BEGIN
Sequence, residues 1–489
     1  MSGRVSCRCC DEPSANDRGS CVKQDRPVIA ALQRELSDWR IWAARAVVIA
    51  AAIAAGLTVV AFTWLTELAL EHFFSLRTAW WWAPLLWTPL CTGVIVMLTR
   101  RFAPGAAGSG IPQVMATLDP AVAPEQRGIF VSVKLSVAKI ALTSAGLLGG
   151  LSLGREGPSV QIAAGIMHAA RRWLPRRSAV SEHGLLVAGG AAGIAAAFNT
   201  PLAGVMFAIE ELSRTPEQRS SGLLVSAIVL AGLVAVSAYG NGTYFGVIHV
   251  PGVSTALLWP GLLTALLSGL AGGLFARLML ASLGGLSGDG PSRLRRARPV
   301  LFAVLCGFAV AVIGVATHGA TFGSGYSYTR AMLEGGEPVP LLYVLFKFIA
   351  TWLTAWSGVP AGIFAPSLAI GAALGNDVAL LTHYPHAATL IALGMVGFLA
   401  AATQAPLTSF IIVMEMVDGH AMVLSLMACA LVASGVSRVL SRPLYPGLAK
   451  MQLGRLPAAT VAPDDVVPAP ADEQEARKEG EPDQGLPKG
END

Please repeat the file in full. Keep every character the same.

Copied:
Sequence, residues 1–489
     1  MSGRVSCRCC DEPSANDRGS CVKQDRPVIA ALQRELSDWR IWAARAVVIA
    51  AAIAAGLTVV AFTWLTELAL EHFFSLRTAW WWAPLLWTPL CTGVIVMLTR
   101  RFAPGAAGSG IPQVMATLDP AVAPEQRGIF VSVKLSVAKI ALTSAGLLGG
   151  LSLGREGPSV QIAAGIMHAA RRWLPRRSAV SEHGLLVAGG AAGIAAAFNT
   201  PLAGVMFAIE ELSRTPEQRS SGLLVSAIVL AGLVAVSAYG NGTYFGVIHV
   251  PGVSTALLWP GLLTALLSGL AGGLFARLML ASLGGLSGDG PSRLRRARPV
   301  LFAVLCGFAV AVIGVATHGA TFGSGYSYTR AMLEGGEPVP LLYVLFKFIA
   351  TWLTAWSGVP AGIFAPSLAI GAALGNDVAL LTHYPHAATL IALGMVGFLA
   401  AATQAPLTSF IIVMEMVDGH AMVLSLMACA LVASGVSRVL SRPLYPGLAK
   451  MQLGRLPAAT VAPDDVVPAP ADEQEARKEG EPDQGLPKG